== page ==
California State Route 120 begins at the San Joaquin River. It behaves like many other roads in the Great Valley as it makes a bee-line eastward through Manteca and Oakdale toward the foothills of the Sierra Nevada. It holds hands briefly with Highway 108, then strikes off on its own just past the Red Hills. It begins to assert its true montane personality with a steep and twisty ascent up the Priest Grade to Big Oak Flat, then settles into a steady rise and fall, crossing valleys and ridges all the way into Yosemite. Turning east at Crane Flat, it climbs into the Yosemite high country, providing some of the greatest road-side views in America. It crosses Tioga Pass at nearly 10,000 feet and descends dramatically into Lee Vining, overlooking Mono Lake.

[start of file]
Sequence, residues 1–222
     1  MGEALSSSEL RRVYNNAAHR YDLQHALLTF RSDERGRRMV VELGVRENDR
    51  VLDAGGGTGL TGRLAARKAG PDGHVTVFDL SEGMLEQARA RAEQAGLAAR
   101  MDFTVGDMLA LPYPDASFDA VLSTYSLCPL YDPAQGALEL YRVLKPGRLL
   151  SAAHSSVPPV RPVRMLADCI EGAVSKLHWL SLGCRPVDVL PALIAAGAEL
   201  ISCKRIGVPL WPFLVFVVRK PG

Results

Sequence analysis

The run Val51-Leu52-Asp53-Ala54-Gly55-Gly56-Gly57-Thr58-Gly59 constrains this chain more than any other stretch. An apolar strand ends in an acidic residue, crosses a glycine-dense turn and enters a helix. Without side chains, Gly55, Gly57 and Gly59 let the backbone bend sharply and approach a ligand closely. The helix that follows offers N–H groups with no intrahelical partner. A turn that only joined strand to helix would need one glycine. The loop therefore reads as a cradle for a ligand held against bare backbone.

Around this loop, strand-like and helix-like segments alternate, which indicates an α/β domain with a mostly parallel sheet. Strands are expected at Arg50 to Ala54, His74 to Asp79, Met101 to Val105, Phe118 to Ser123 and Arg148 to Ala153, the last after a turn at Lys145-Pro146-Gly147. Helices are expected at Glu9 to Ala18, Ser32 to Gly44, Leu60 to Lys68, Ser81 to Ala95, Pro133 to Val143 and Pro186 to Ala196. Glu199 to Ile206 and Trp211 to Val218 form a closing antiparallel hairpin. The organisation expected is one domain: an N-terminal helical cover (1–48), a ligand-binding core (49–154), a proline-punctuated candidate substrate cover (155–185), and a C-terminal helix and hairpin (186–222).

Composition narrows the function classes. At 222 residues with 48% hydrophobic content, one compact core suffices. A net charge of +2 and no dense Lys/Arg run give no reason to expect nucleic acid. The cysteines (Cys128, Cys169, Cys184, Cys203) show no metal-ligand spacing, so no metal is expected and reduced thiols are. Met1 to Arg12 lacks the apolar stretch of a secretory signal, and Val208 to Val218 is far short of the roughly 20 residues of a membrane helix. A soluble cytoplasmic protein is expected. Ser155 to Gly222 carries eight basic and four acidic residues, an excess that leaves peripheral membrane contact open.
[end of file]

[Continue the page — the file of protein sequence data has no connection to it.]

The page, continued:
Looking east from SR 120 at Olmsted Point
This is the Highway 120 most people know — from the edge of the Delta in the middle of California, through the Yosemite high country, to the edge of Mono Lake on the east side of the Sierra.
But SR 120 isn’t finished yet. It hitches a ride south on US 395 for a few miles, then takes off east again through another 45 miles of high desert, all the way to Benton, in the morning shadows of peaks on the California-Nevada state line. This secluded eastern end of the road passes through the youngest volcanic cones in North America, the largest contiguous stand of Pinus jeffreyi anywhere, and one of the loneliest valleys in eastern California. I’m quite fond of this road.
Looking back toward Yosemite from SR 120, between Mono Craters and Mono Lake
Adobe Valley and the north end of the White Mountains
Black Lake and the Benton Range, just west of Benton Hot Springs
Tim Messick Photography • Graphics
Copyright © 2011 Tim Messick. All rights reserved.